President Donald Trump has characterised his term in office by making statements considered dishonest. The Washington Post Fact Checker team has counted up 20,000 things that were untrue or misleading, including mountains of exaggerations, half-truths and falsehoods.
While cricketers take several years to reach such important milestones like 4,000 runs, the Donald has reached his way markers in record time. It took 827 days to hit 10,000 false and misleading claims and just 440 more days to reach 20,000, which meant he was saying 23 things a day that were wrong. During the first few months of the coronavirus pandemic, he notched up nearly 1,000 claims.
When the Huffington Post’s White House correspondent, S V Dáte, was called upon to ask the President a question he said: “Mr President, after three and a half years, do you regret at all, all the lying you’ve done to the American people?”
The Donald couldn’t take in the fact that someone had been so bold. He’s used to dealing with the servile and sycophantic – well, except for Jonathan Swan, from Axios, who made him look like lamb who’d fallen into a crocodile-infested pool.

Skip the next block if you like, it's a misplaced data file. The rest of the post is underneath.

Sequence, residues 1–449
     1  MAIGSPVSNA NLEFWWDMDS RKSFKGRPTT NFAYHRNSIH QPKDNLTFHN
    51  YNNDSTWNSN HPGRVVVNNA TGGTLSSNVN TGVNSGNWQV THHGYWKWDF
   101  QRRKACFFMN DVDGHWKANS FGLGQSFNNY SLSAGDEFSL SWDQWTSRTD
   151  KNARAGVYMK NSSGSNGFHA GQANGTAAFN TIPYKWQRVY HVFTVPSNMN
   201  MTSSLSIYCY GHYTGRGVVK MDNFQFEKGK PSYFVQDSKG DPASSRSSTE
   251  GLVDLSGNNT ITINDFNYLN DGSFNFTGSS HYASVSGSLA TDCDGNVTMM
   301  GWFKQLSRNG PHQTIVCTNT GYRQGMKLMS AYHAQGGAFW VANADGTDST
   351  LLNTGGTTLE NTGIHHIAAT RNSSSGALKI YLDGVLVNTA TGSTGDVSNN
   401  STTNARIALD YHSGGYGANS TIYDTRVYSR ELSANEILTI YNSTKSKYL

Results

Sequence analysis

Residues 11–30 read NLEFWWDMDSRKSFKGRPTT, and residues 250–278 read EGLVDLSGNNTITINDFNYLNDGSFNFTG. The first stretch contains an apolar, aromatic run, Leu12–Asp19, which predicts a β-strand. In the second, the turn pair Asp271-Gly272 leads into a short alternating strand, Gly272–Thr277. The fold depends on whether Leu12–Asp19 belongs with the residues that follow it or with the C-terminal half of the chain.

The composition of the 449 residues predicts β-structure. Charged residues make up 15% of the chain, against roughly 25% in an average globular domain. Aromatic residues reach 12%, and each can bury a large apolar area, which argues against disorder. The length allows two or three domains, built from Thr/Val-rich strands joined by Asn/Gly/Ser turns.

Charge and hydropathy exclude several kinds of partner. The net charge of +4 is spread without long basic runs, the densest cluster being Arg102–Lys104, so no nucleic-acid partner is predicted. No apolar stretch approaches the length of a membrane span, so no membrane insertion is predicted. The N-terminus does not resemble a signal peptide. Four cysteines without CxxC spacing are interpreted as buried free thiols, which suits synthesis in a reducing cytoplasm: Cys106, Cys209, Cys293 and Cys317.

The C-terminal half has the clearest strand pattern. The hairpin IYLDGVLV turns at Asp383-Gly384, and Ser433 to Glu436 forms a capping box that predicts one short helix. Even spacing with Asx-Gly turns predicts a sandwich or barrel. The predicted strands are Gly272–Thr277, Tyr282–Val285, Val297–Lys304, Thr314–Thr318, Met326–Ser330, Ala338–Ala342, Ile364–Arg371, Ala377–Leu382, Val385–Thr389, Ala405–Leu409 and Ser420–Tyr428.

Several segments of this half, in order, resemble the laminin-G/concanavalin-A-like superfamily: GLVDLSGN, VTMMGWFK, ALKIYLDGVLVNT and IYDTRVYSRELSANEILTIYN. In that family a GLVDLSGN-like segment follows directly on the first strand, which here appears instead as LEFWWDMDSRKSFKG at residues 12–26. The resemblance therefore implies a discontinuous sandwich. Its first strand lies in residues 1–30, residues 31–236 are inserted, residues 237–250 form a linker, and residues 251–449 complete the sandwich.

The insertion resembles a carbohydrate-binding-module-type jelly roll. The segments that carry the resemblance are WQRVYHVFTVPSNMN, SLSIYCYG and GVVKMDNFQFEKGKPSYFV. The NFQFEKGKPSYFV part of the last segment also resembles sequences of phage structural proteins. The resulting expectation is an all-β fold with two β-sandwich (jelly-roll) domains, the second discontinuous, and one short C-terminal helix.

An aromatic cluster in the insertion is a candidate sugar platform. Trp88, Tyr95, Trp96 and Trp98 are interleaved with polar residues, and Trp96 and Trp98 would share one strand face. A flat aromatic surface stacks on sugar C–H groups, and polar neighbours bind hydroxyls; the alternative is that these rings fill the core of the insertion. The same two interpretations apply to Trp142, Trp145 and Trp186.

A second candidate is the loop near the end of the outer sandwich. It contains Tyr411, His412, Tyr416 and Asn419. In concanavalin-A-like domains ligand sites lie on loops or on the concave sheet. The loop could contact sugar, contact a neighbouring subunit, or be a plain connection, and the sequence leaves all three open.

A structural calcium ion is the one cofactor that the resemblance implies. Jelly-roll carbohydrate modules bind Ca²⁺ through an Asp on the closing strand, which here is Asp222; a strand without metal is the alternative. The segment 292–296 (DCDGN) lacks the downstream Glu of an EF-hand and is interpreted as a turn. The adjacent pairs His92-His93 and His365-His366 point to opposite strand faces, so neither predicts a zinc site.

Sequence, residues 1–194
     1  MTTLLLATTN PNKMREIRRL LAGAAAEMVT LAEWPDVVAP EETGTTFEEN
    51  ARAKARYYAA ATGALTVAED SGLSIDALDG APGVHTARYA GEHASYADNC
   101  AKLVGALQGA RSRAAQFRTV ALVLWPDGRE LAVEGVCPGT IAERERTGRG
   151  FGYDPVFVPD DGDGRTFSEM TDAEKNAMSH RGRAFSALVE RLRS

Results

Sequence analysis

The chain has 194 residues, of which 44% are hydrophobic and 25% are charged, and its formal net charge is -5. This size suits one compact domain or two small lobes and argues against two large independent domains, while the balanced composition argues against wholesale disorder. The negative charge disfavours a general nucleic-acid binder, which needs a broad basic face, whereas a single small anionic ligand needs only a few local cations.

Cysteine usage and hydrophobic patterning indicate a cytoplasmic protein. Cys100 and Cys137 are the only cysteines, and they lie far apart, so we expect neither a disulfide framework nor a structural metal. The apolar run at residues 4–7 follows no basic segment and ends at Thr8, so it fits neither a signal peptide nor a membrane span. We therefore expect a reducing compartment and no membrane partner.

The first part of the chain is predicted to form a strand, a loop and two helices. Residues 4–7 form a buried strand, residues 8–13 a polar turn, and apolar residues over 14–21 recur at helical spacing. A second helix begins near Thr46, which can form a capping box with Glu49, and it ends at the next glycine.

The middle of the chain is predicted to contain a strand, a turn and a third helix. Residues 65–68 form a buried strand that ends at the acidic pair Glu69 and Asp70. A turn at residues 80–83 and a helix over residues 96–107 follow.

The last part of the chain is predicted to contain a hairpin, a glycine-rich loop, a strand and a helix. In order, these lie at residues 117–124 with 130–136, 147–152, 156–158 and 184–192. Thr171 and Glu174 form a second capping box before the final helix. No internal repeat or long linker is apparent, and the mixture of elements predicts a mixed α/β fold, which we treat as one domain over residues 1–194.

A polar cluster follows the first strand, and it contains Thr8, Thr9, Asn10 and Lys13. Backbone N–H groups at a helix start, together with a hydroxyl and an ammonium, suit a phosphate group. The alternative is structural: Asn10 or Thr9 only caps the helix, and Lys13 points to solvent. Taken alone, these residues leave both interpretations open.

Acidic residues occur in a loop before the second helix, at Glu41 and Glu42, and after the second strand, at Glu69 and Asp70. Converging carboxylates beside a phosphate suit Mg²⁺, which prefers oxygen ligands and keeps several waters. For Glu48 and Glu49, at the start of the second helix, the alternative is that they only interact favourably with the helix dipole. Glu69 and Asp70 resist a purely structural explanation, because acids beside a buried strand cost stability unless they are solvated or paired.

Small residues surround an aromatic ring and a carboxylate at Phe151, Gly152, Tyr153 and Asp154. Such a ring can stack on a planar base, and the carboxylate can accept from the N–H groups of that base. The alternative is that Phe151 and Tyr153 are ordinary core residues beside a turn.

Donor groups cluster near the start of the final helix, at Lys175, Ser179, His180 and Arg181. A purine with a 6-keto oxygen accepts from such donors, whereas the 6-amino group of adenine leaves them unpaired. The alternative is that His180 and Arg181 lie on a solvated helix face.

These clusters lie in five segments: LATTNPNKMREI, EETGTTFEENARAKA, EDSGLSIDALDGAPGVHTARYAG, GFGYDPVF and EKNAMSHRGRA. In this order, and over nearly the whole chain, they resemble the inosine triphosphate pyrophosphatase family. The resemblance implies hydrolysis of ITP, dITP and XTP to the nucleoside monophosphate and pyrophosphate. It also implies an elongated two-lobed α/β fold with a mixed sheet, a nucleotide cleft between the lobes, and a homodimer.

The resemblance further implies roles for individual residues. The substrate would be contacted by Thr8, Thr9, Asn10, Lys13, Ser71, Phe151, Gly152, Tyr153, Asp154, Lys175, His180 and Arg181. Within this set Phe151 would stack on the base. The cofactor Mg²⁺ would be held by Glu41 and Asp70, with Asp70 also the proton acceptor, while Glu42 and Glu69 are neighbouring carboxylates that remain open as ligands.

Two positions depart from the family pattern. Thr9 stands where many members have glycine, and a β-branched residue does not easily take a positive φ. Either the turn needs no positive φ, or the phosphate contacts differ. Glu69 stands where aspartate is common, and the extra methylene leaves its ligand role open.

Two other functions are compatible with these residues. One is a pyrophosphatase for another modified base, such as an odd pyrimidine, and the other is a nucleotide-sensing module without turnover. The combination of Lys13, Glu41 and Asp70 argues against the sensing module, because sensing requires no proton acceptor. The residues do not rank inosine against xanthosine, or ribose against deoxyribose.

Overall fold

“All the what?” Trump said.
Dáte: “All the lying, all the dishonesties.”
Trump: “That who has done?”
“You have done,” said Dáte. “Tens of thousan–”,
The penny dropped and The Donald moved on. It’s a fair bet that Dáte won’t be asked back, though he’d already discharged his duty to ask the sort of simple and honest questions that his readers might have wanted him to.
A reasonable question to be asked of Boris Johnson and Gavin Williamson is this: What on earth have you done to A-level students? And what can GCSE students expect next week?
The mess surrounding the Government’s A-level fiasco has meant many kids have been denied their opportunity to attend university. Pupils from disadvantaged backgrounds have been worst hit, while pupils at private schools benefited the most.
Private schools increased the proportion of students achieving top grades – A* and A – twice as much as pupils at comprehensives.
According to analysis by exam regulator Ofqual, pupils in lower socioeconomic backgrounds were most likely to have the grades proposed by their teachers overruled, while those in wealthier areas were least likely to be downgraded.